Do You Really Burn the Fish When You Blacken It? Yes
Pick a spice blend, and then, literally, burn the fish fillet. Voilà—a fantastic dinner is served.
Blackened fish is steeped not only in flavor but also in culinary legend.
In the 1980s, it was blackened redfish that brought Cajun cooking to prominence. Chef Paul Prudhomme introduced this dish at his celebrated New Orleans haunt, K-Paul’s Louisiana Kitchen. It combined the richness of a well-buttered thin redfish fillet with a spice mixture as spirited as a Mardi Gras krewe in full regalia.
The dish proved so popular that redfish, also called red drum, was heavily fished and nearly disappeared from the Gulf of Mexico later that same decade.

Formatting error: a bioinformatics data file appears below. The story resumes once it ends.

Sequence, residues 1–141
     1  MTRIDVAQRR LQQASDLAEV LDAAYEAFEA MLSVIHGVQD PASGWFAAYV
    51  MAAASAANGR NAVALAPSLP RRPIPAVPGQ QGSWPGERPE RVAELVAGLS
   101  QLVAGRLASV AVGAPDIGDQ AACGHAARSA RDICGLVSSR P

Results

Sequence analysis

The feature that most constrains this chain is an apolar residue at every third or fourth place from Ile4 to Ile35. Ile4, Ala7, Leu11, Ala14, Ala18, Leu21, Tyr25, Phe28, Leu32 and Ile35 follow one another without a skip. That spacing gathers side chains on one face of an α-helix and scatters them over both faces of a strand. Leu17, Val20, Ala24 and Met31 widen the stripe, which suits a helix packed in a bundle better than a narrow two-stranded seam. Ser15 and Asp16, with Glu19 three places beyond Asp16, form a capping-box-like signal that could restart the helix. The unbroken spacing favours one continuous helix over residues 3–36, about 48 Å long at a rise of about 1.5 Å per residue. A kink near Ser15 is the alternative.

Redfish is now farmed, so the original dish endures, but the quick cooking technique has evolved and now is applied to center-of-the-plate stars such as tuna, tilapia, chicken, and cauliflower steaks.
The method is called blackening because the point is to appropriately burn (blacken) the spice coating. Yes, you have permission to burn your food! There are as many blackening spice recipes as there are types of seafood, so pair your chosen blend (or use mine) with the catch of the day, and make the act of cooking dinner an exciting discovery.
View Recipe: Blackened Catfish